Diverticula may develop anywhere in the large intestine, but they are more common in the sigmoid colon, which is the last part of the large intestine just before the rectum. Diverticula vary in diameter from 1/10 inch to 1 inch (about ¼ to more than 2½ centimeters). They are uncommon before age 40 but become more common rapidly thereafter. Most people over age 80 have diverticula. Giant diverticula, which are rare, are larger than 1½ inches (about 4 centimeters) in diameter. A person may have only a single giant diverticulum.

Causes of Diverticulosis of the Large Intestine

The cause of diverticulosis is unknown but may be related to a diet low in fiber or high in red meat, a sedentary lifestyle, obesity, smoking, and use of nonsteroidal anti-inflammatory drugs Nonsteroidal Anti-Inflammatory Drugs In some cases, treating the underlying disorder eliminates or minimizes the pain. For example, setting a broken bone in a cast or giving antibiotics for an infected joint helps reduce pain.... read more (NSAIDs), corticosteroids, or opioids Opioids Opioids are a class of drugs derived from the opium poppy (including synthetic variations) that are pain relievers with a high potential for misuse. Opioids are used to relieve pain, but they... read more . Other possible risk factors include family history and alterations in the structure of the large intestine and the way in which waste products move through it.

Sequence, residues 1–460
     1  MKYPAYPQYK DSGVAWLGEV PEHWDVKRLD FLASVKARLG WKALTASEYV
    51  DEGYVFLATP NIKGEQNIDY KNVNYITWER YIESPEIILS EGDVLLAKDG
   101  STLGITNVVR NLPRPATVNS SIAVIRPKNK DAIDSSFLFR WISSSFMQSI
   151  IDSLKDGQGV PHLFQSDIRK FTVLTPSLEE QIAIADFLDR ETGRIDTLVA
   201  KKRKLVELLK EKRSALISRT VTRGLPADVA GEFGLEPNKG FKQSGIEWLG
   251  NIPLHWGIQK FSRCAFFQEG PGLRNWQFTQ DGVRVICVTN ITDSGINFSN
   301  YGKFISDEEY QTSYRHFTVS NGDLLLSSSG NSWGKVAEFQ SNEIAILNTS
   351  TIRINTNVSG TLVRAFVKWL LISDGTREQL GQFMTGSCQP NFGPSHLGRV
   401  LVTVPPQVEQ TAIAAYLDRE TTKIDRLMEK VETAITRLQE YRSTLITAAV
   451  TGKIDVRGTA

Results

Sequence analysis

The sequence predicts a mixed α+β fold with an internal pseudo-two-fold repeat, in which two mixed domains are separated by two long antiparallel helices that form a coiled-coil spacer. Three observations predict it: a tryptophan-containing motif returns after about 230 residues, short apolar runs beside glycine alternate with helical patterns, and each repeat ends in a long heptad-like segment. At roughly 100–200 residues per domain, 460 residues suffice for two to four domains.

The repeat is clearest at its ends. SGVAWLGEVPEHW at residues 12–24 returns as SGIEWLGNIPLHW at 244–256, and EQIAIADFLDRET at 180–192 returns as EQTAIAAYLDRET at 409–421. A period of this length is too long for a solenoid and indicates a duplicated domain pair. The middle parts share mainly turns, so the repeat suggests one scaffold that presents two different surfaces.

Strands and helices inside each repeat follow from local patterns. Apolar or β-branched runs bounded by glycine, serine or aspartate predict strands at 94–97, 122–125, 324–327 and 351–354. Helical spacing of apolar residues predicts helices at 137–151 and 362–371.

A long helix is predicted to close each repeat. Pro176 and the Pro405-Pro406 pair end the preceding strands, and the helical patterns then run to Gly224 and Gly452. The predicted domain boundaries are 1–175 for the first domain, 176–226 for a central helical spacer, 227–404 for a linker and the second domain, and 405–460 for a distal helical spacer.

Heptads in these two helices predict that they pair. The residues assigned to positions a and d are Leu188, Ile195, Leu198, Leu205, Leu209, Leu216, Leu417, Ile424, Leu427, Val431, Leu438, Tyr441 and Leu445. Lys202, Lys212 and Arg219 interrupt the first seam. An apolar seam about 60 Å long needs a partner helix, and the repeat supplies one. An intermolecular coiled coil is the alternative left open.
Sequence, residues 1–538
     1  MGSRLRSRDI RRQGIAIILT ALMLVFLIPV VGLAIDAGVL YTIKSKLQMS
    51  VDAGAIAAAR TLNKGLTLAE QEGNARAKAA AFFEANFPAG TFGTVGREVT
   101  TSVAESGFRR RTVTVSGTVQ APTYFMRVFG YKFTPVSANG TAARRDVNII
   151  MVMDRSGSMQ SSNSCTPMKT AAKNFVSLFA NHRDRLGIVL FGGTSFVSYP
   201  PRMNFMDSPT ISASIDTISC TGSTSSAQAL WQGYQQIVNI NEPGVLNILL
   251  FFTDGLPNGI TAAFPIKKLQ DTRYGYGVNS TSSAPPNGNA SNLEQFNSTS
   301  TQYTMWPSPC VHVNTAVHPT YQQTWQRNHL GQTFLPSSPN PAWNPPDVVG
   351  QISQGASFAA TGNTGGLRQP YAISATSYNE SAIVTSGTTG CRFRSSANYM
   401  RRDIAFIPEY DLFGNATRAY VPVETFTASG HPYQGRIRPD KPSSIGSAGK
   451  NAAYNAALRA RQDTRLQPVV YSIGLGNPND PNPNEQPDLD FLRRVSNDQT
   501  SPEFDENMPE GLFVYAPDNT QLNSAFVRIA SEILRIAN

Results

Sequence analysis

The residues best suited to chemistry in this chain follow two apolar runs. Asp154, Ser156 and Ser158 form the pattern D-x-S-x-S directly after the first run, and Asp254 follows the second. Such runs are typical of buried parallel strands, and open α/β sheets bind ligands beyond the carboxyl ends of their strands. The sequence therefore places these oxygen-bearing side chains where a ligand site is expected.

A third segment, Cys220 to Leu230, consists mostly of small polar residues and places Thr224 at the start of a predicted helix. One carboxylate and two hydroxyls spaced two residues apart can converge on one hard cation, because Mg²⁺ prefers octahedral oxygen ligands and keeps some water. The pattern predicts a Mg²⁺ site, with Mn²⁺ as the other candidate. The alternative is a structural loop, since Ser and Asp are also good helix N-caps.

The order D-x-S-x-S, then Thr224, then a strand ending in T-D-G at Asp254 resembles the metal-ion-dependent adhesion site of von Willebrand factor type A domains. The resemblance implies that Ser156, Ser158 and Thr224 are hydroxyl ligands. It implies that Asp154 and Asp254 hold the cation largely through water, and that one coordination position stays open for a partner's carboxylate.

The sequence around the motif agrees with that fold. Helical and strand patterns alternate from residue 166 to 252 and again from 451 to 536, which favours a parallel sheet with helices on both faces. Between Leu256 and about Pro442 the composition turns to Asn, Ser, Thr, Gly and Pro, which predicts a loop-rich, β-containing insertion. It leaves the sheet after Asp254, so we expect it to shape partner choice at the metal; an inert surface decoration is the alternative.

Diverticula are thought to be caused by spasms of the muscular layer of the intestine. The resulting pressure that these spasms exert on the intestinal wall causes a part of the wall to bulge at a point of weakness, usually near to where an artery penetrates the muscular layer of the large intestine. An increase in the thickness of the muscular layer is a common finding in the sigmoid colon of people with diverticulosis.

The cause of a giant diverticulum is unclear.

Symptoms of Diverticulosis of the Large Intestine